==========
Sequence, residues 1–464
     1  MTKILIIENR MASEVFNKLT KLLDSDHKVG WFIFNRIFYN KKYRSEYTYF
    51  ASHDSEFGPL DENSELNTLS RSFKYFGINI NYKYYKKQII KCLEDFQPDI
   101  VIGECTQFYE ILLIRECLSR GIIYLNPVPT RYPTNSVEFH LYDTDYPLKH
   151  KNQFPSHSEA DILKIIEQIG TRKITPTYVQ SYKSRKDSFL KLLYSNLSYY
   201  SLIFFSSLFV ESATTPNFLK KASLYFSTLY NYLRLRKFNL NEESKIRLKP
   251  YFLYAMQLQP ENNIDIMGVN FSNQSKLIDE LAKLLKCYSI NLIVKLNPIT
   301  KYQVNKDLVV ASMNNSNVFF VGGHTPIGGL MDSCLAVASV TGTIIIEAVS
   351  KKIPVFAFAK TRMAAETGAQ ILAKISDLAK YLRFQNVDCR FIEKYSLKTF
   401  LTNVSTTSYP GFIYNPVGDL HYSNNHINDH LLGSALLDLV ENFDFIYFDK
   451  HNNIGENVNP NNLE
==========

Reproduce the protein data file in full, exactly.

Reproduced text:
Sequence, residues 1–464
     1  MTKILIIENR MASEVFNKLT KLLDSDHKVG WFIFNRIFYN KKYRSEYTYF
    51  ASHDSEFGPL DENSELNTLS RSFKYFGINI NYKYYKKQII KCLEDFQPDI
   101  VIGECTQFYE ILLIRECLSR GIIYLNPVPT RYPTNSVEFH LYDTDYPLKH
   151  KNQFPSHSEA DILKIIEQIG TRKITPTYVQ SYKSRKDSFL KLLYSNLSYY
   201  SLIFFSSLFV ESATTPNFLK KASLYFSTLY NYLRLRKFNL NEESKIRLKP
   251  YFLYAMQLQP ENNIDIMGVN FSNQSKLIDE LAKLLKCYSI NLIVKLNPIT
   301  KYQVNKDLVV ASMNNSNVFF VGGHTPIGGL MDSCLAVASV TGTIIIEAVS
   351  KKIPVFAFAK TRMAAETGAQ ILAKISDLAK YLRFQNVDCR FIEKYSLKTF
   401  LTNVSTTSYP GFIYNPVGDL HYSNNHINDH LLGSALLDLV ENFDFIYFDK
   451  HNNIGENVNP NNLE